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The birth of Phineas

In March 1900, Jasper Blaxland spied a large wooden highlander outside Catesby’s on Tottenham Court Road (which sold rich people fancy flooring). Blaxland was struck by the spirit of studenthood and resolved that the statue must be borrowed. That was Phineas’ first trip to campus but it would not be his last and soon he became the Union mascot. In 1932, Catesby’s donated the statue to UCL for good. 

The kidnapping that started it all

In 1922, King’s were feel sore after a rugby defeat and plotted their revenge: they kidnapped Phineas. Phineas was locked away at the Strand and protected by secret defences. But UCL had an extensive network of spies within King’s and made their move to liberate him. After more than an hour of combat (and a visit from the Police), an armistice was arranged and Phineas was returned to UCL, minus an arm that had been broken off in the battle.

A new mascot in town

In 1923 King’s College decided that their mascot of a beer bottle wasn’t working for them and unveiled Reggie, the Lion at that year’s sports RAG. He made his debut surrounded be a full security team of engineering students.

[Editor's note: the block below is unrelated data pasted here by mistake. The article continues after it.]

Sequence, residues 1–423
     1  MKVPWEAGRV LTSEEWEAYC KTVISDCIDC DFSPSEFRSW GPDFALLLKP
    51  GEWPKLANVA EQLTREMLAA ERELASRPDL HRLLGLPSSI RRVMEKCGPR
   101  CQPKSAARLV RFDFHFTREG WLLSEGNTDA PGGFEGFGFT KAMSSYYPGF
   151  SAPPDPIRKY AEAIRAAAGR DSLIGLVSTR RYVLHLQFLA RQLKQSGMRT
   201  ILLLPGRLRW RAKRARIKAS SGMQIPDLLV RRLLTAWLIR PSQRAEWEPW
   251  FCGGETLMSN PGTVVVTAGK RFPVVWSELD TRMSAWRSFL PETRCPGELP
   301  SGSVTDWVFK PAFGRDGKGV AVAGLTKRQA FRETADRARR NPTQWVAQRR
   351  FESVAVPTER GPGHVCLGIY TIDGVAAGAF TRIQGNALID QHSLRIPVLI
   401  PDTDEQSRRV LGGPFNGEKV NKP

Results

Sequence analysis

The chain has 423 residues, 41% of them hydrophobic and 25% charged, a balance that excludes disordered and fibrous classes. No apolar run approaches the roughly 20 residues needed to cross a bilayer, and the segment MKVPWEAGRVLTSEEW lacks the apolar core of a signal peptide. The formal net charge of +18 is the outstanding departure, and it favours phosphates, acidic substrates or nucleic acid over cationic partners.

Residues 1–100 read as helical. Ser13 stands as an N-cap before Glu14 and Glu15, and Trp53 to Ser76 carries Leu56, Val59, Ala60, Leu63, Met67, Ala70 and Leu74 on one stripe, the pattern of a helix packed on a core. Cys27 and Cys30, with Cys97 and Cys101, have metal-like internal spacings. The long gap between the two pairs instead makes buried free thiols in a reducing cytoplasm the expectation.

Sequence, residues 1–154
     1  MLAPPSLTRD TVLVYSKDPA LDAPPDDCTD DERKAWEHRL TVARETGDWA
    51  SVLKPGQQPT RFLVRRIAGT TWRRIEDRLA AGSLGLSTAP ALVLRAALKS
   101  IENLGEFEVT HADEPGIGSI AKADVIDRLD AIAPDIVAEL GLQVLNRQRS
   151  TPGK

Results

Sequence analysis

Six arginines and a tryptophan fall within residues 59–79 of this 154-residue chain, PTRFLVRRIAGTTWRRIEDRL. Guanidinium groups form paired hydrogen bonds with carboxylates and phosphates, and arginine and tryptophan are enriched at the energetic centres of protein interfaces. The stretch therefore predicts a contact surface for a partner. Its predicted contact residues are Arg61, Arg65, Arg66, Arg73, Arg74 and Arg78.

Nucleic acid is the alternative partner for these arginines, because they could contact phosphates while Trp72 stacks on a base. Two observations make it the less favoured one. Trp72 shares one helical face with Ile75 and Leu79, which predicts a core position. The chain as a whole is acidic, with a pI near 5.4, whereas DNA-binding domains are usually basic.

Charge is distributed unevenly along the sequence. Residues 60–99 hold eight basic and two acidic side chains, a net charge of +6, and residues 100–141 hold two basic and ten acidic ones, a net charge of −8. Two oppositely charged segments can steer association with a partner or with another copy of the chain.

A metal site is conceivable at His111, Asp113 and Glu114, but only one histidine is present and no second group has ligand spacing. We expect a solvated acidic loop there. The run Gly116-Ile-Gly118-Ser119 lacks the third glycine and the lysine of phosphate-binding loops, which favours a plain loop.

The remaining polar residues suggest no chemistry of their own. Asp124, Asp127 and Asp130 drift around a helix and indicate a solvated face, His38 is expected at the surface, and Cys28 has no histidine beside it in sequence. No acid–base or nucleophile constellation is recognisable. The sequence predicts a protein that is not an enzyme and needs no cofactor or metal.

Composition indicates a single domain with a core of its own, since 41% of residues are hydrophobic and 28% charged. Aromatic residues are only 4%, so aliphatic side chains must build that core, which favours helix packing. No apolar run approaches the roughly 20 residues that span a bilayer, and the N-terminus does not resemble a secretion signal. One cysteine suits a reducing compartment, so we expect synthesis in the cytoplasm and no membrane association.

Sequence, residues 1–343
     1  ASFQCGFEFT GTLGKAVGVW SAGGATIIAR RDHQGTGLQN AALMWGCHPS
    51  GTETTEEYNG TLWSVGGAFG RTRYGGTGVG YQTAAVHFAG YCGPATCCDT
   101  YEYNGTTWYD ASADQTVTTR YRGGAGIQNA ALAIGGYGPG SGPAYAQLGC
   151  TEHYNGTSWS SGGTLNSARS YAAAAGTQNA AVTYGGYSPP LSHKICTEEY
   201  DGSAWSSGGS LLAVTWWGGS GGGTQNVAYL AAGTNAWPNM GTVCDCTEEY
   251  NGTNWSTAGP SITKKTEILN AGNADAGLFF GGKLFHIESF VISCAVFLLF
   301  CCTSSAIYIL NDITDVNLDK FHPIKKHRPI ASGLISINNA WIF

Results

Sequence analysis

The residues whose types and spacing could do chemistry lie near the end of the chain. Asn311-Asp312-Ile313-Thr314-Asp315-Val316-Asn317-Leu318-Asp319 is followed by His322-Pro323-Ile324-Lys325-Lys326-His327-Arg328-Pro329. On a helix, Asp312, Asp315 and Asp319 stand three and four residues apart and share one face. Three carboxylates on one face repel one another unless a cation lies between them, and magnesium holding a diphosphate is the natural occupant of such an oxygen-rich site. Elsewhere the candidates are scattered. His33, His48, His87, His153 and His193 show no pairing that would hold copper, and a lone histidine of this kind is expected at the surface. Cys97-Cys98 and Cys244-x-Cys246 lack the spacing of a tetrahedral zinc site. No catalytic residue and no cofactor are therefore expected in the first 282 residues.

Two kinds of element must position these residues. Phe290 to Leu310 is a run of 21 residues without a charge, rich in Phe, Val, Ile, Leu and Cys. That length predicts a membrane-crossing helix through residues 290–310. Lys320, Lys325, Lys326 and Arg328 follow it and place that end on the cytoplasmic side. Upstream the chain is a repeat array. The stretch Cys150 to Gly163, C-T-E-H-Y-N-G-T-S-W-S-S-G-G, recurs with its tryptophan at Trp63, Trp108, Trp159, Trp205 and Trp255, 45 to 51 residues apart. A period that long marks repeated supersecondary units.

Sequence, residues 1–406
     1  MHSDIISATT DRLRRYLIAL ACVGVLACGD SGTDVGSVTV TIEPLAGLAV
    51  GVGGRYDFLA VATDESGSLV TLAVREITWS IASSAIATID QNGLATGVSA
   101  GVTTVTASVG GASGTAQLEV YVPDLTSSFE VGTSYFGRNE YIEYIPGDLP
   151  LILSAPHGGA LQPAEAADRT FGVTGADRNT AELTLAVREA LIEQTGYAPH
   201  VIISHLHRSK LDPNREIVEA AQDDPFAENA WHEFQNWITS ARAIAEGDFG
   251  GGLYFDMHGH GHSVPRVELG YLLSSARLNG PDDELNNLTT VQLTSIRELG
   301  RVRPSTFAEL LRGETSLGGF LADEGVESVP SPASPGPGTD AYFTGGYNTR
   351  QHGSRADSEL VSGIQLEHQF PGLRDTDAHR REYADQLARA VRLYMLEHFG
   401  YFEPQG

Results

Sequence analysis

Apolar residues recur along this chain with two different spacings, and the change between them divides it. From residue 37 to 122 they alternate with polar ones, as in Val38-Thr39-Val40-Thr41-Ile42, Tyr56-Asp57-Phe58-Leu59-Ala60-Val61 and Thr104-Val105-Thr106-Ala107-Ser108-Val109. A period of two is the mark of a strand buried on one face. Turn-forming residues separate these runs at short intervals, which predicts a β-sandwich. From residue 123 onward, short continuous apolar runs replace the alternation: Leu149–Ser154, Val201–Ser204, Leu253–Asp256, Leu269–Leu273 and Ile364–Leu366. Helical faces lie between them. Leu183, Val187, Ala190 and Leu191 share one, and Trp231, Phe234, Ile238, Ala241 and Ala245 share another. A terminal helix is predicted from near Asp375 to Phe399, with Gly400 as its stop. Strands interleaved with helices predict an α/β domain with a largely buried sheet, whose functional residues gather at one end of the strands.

The rivalry escalates

A few years of relative peace followed, but it was the calm before the storm. Reggie was captured during the RAG Week of 1927 and filled with rotten apples. This resulted in a dawn raid at UCL and the theft of a bust of Jeremy Bentham. Hostilities recommenced in spectacular fashion a week later in the UCL Main Quad when King’s students arrived armed with rotten vegetables and eggs. Six students ended up in hospital, two were arrested, but the mascots were returned to their rightful owners.

After a brief ceasefire during the Second World War, mascot wars resumed usual service in 1947, when UCL students used a tin opener to relieve Reggie of his manhood. Enraged, KCL students kidnapped Phineas and painted him bright red and dumped him in the middle of The Strand.

Despite having been medically repaired and filled with concrete to make him more difficult to steal, UCL students still managed to retaliate by pilfering Reggie and burying him on Hampstead Heath. One UCL Union president was also found in possession of Reggie’s tail during this heightened period of tensions.

The modern day

Over the years, the mascot abuse stopped, with a notable intermission in 1989 when King’s students went off piste and stole Jeremy Bentham’s head and played football with it (queue a formal complaint from UCL and threats of expulsions and fines).

Today Phineas and Reggie have been known to battle it out on the playing field of the now famous London Varsity Series. Who will be on the winning side this year? Find out by getting your ticket now.